26 Oct 2007 — Contemporary jazz bassist Gerald Veasley makes no claim to be a master chess player, but there are certain unmistakable parallels between his line of work and the small-scale war game that has challenged great minds for centuries. Like chess, Veasley sees music as a pursuit that involves a combination of strategy, quick thinking and even a bit of blind faith.
“There’s a multiplicity of decision making in the game of chess, and there are consequences to every action,” says Veasley. “In a lot of ways, making music is like that too. There are so many choices, especially in jazz, where the situation is never the same twice. That’s always exciting to me. You’re creating new scenarios at every turn – every time you step in front of an audience, or every time you step into the studio. That’s what drew me to this kind of music in the first place – the idea that it was always fresh, there was always an opportunity and a new challenge. Unlike chess, though, winning in jazz doesn’t mean someone else has to lose.”
That same combination of challenges, opportunities and win-win is at the heart of Your Move (HUCD 3130), Veasley’s new Heads Up International CD set for worldwide release on March 11, 2008. The album is the latest – and perhaps most innovative and audacious – maneuver in the game that Veasley has been playing since his early days as an up-and-coming musician in his native Philadelphia.
“After all those years, after all the records I’ve made, I’m really mindful of the fact that not just music but life in general is a lot like that too,” says Veasley. “There are so many decisions that you have to make. You get the best information you can, and then you take the next step. Sometimes you have to be willing to make a leap and take a chance. There are always situations where you have to be flexible and adjust, and you have to adjust quickly.”
Any good game involves more than one player, and Veasley has a couple collaborators on hand that make Your Move an intriguing gambit. Guitarist Chuck Loeb steps in as a formidable session player/producer and author or co-author of several tracks. Saxophonist and longtime Veasley band member Chris Farr also shares a few song credits.
The album opens with the infectious riff of “Hear Now!” a high-energy tune written and arranged by Loeb that serves as a somewhat rare showcase for Veasley’s technical chops. “When I’m the writer or the arranger, I usually think about more than just the bass,” says Veasley. “I tend to think about what’s best for the song in general, and what all the instruments will sound like together. But Chuck wanted me to have the chance to do one of those bass-in-your-face songs. This was my opportunity to show off a little bit.”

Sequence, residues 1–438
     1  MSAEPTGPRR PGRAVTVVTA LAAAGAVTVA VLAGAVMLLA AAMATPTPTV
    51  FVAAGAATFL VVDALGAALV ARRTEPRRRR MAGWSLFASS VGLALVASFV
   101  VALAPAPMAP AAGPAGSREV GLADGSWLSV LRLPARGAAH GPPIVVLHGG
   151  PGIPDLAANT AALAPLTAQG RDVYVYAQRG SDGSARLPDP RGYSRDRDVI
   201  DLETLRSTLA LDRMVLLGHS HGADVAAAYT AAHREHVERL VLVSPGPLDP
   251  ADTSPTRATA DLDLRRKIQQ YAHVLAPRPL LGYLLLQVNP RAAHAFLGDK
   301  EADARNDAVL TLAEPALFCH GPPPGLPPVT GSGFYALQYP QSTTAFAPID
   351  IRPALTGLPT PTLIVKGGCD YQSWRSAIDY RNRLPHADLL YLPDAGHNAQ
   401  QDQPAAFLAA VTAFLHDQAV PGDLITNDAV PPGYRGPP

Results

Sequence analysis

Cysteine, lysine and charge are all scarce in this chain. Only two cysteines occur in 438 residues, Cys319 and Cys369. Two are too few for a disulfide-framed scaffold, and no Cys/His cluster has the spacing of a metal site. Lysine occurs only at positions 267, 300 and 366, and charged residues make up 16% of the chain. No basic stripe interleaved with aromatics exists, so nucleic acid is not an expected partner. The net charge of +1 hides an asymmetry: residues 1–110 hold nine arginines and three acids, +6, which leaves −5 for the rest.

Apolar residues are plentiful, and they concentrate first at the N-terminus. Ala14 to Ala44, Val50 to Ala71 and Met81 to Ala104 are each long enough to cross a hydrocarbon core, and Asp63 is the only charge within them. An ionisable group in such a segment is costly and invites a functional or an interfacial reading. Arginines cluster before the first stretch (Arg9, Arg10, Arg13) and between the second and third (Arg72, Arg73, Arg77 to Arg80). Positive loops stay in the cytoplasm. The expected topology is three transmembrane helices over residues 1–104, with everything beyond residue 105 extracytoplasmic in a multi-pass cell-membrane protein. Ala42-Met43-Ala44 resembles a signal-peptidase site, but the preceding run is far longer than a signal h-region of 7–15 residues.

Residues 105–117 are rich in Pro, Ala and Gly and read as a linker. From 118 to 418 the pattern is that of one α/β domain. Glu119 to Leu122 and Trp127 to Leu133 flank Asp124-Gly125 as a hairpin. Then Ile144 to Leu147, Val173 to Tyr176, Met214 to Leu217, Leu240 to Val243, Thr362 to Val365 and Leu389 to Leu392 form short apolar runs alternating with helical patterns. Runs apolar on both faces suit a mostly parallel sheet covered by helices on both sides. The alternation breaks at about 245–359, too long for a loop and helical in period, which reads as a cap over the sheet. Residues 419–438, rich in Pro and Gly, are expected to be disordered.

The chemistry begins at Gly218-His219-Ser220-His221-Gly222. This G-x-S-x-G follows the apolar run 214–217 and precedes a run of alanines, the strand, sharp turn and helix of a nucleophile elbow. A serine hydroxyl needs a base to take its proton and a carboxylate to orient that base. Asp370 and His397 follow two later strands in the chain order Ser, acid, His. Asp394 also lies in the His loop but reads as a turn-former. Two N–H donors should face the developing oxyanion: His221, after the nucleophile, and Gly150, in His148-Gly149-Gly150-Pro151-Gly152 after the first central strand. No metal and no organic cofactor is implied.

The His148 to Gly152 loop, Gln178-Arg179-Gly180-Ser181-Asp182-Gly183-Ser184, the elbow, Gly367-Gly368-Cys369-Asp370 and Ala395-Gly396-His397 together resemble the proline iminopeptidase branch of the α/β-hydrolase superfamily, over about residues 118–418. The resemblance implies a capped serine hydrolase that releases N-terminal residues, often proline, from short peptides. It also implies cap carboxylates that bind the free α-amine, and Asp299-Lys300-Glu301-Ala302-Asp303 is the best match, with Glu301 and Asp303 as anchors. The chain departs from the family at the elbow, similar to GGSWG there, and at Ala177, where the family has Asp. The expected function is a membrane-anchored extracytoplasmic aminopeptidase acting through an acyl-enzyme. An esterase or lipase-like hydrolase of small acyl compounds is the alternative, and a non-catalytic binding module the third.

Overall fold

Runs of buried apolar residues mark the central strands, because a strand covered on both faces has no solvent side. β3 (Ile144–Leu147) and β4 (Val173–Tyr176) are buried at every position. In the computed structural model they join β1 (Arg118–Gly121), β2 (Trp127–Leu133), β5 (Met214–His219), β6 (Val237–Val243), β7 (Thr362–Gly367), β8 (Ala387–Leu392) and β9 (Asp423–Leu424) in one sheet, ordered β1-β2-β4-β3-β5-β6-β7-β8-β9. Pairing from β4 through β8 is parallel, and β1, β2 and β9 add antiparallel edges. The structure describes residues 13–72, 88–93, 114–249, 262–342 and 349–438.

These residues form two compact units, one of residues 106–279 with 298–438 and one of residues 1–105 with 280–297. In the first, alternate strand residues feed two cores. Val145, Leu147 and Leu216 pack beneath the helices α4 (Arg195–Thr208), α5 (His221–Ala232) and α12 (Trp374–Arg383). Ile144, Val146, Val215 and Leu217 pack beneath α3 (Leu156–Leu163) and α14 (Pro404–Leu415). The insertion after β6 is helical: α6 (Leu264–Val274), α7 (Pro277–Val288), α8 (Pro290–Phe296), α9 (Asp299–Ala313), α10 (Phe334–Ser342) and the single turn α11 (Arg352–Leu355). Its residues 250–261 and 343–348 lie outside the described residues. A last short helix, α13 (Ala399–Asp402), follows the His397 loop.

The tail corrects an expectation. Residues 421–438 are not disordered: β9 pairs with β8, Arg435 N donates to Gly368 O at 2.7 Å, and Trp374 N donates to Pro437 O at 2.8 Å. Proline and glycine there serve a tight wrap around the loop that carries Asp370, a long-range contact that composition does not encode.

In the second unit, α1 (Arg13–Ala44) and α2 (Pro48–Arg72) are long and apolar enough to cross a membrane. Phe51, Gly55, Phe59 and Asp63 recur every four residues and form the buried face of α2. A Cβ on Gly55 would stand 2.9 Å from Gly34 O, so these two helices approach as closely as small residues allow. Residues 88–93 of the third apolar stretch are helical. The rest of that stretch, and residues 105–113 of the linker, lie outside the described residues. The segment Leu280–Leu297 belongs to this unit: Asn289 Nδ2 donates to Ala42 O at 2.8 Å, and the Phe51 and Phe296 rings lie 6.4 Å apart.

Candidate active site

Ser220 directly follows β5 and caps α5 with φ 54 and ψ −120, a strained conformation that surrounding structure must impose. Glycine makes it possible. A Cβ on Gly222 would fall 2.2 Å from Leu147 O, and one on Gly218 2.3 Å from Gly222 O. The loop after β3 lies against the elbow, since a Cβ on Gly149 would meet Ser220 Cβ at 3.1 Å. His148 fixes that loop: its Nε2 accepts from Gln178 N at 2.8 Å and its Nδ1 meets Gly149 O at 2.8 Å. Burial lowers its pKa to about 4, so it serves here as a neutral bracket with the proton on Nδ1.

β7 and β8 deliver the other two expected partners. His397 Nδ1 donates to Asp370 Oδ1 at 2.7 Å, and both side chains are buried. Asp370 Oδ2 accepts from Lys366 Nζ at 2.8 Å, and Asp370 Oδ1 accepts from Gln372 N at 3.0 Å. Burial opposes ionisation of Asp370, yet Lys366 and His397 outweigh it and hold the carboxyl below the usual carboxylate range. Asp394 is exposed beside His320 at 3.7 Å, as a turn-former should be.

The easygoing “Slip ‘n’ Slide” includes some playful interplay between Veasley and Loeb, with a rock solid backbeat crafted by drummer Josh Dion.
“So Close to the Sun” showcases guest trumpeter John Swana and includes atmospheric layers from organist Peter Kuzma and vocalist Mikki Kornegay. “This song has a range of emotions,” says Veasley. “It’s actually a little bit melancholy in the beginning, but it has a very buoyant, triumphant flavor toward the end.”
The title track appears midway through the set, and the ease with which it came together in the studio is evident in the final playback. “’Your Move’ is one of those songs that, from the instant it starts, puts you in that frame of mind to just settle into your chair and enjoy the groove,” says Veasley. “It just feels right and sounds right. It was easy to work through when we were recording it. When a song comes together that effortlessly, you almost second-guess yourself. You find yourself asking, ‘Wow, could it really be that easy?’ The truth is, there’s a complexity to it, but it comes together so easily because of Chuck’s skills as a producer.”
“Three Tears” is a tribute to Veasley’s longtime friend Kip Boyer, who passed away earlier this year. Though understated and respectful, the track maintains an optimistic and even whimsical edge. “When I started writing it and recording it, I thought it would be this sort of sad-sounding song,” says Veasley. “I had intended to create this kind of solemn tribute, and it ended up being very hopeful. It had a beauty I didn’t expect. But then I realized, that was Kip. That was the essence of him.”
“Thank You (Falettinme Be Mice Elf Agin)” is a unique take on the Sly & The Family Stone classic from 1970. “Being a lover of soul music and growing up in that era, I just see Sly Stone as the quintessential master of funk. I welcome any opportunity to tip my hat to him, and I think I’ve managed to capture some of the lighthearted spirit of the original tune.”
The set ends on a romantic note, with “Roxanne’s Dance,” Veasley’s musical tribute to his wife – the life partner with whom he makes every move. “My quest with this record was to tap into an emotional core,” he says. “I’m trying to make music about those aspects of life that are common to all of us. There’s a certain rhythm to life, regardless of what you do for a living. There are experiences you have every day – certain moves that you make – with your spouse, your kids, your colleagues, whomever. A lot of those experiences are universal, and I’m trying to bring some of them to light.”
The pieces are all in place on Gerald Veasley’s newest CD. Listen to Your Move and follow his next step in the game.